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ORIGINAL ARTICLE
Year : 2021  |  Volume : 69  |  Issue : 1  |  Page : 117-121

Agreement and diagnostic accuracy of vision screening in preschool children between vision technicians and spot vision screener


1 Allen Foster Community Eye Health Research Centre, Gullapalli Pratibha Rao International Centre for Advancement of Rural Eyecare, L V Prasad Eye Institute, Hyderabad, Telangana, India
2 Allen Foster Community Eye Health Research Centre, Gullapalli Pratibha Rao International Centre for Advancement of Rural Eyecare; Brien Holden Eye Research Centre, L V Prasad Eye Institute, Hyderabad, Telangana, India; School of Optometry and Vision Science, University of New South Wales, Sydney, Australia; University of Rochester, School of Medicine and Dentistry, Rochester, NY, USA
3 Allen Foster Community Eye Health Research Centre, Gullapalli Pratibha Rao International Centre for Advancement of Rural Eyecare; Brien Holden Eye Research Centre, L V Prasad Eye Institute, Hyderabad, Telangana; Brien Holden Institute of Optometry and Vision Science, L V Prasad Eye Institute; Department of Biotechnology / Wellcome Trust India Alliance Research Fellow, L V Prasad Eye Institute, Hyderabad, India

Correspondence Address:
Dr. Rohit C Khanna
L V Prasad Eye Institute, L V Prasad Marg, Banjara Hills, Hyderabad - 500 034, Telangana

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Source of Support: None, Conflict of Interest: None


DOI: 10.4103/ijo.IJO_1740_19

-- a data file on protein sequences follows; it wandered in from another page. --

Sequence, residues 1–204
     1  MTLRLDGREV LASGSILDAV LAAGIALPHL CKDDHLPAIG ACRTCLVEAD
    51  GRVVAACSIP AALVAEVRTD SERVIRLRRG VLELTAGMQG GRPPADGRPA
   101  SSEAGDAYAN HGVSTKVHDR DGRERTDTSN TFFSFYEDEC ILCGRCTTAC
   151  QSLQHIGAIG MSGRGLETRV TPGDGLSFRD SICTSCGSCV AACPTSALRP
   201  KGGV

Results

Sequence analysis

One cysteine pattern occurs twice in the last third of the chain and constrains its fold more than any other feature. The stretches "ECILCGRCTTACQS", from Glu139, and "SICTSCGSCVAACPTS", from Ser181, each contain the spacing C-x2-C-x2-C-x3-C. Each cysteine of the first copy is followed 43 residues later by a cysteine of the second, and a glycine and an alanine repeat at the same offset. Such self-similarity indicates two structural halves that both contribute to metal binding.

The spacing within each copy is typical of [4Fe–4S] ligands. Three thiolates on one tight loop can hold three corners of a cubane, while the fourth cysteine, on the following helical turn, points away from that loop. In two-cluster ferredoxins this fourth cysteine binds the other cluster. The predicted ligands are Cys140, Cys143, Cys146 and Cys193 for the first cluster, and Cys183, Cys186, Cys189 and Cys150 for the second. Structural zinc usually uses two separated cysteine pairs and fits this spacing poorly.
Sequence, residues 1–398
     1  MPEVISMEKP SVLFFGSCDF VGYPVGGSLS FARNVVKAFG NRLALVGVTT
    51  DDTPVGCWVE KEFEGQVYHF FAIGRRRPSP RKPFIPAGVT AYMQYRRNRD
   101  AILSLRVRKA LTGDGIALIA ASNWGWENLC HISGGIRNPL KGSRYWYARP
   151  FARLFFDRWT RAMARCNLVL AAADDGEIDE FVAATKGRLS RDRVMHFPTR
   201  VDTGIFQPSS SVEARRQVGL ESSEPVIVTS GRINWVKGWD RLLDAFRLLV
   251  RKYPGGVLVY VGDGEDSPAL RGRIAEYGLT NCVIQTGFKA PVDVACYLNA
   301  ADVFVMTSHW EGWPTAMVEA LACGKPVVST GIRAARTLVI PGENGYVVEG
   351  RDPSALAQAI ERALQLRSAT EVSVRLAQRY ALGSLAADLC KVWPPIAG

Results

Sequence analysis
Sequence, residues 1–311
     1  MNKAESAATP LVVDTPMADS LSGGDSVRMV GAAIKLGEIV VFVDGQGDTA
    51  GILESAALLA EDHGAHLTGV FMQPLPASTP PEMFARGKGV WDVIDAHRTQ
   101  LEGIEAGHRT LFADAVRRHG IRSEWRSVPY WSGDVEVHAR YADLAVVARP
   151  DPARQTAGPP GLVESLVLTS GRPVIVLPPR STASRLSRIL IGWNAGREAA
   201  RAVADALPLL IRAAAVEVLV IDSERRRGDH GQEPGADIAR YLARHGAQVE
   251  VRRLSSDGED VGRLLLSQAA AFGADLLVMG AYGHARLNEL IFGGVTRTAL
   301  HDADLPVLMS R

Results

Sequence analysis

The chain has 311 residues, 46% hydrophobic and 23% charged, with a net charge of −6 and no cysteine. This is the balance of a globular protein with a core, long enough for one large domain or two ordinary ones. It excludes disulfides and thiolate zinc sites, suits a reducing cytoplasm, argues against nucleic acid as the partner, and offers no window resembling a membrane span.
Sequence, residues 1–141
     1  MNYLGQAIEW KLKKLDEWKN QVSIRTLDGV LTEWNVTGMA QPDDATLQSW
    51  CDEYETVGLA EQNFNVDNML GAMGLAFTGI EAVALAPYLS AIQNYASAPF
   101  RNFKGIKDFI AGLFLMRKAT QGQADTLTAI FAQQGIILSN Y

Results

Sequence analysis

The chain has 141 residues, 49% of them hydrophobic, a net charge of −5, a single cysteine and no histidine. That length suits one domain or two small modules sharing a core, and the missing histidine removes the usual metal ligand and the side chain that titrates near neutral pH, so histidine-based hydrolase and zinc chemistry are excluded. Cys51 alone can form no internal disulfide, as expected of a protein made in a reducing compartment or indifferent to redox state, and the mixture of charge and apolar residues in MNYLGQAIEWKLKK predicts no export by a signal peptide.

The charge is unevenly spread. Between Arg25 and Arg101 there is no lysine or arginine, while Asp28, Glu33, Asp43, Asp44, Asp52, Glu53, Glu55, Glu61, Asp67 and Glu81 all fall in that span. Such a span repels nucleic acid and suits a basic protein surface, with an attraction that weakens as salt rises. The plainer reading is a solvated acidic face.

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Purpose: Screening preschool children for vision-related disorders poses a challenge. This study is designed to determine the agreement and diagnostic accuracy of the spot vision screener (SVS) in screening preschool children compared to screening procedure by vision technicians (VT). Methods: This study was conducted as a part of the ongoing study titled “Initiative for Screening Children for Refractive Errors and other Eye Health Needs (I-SCREEN).” Children from 33 Anganwadis (preschools) in two districts, Adilabad district of Telangana and Krishna district of Andhra Pradesh, in South India, underwent eye health screening by a VT and by a trained community eye health workers (CEHW) using the SVS. Findings were compared for agreement and diagnostic accuracy of assessment. Results: A total of 976 preschool children were screened by the VT and separately by the CEHW using the SVS in Adilabad (15 schools) and Krishna (18 schools) districts. The overall mean age of these children was 2.5 years (SD ± 1.3 years). There were 48 (4.9%) referrals by VT compared to 105 (10.8%) referrals by CEHW using SVS. The overall sensitivity of SVS was 91.7% (95% CI: 80%–97.7%) and the specificity was 93.4% (95% CI: 91.6%–94.9%). Positive predictive value was 41.9% (95% CI: 32.3%–51.9%) and negative predictive value was 99.5% (95% CI: 98.8%–99.9%) with a moderate agreement (0.54; 95% CI 0.49–0.64) between VT screening and screening with SVS. Conclusion: The SVS showed good diagnostic accuracy and agreement in screening for possible vision-related disorders in preschool children.


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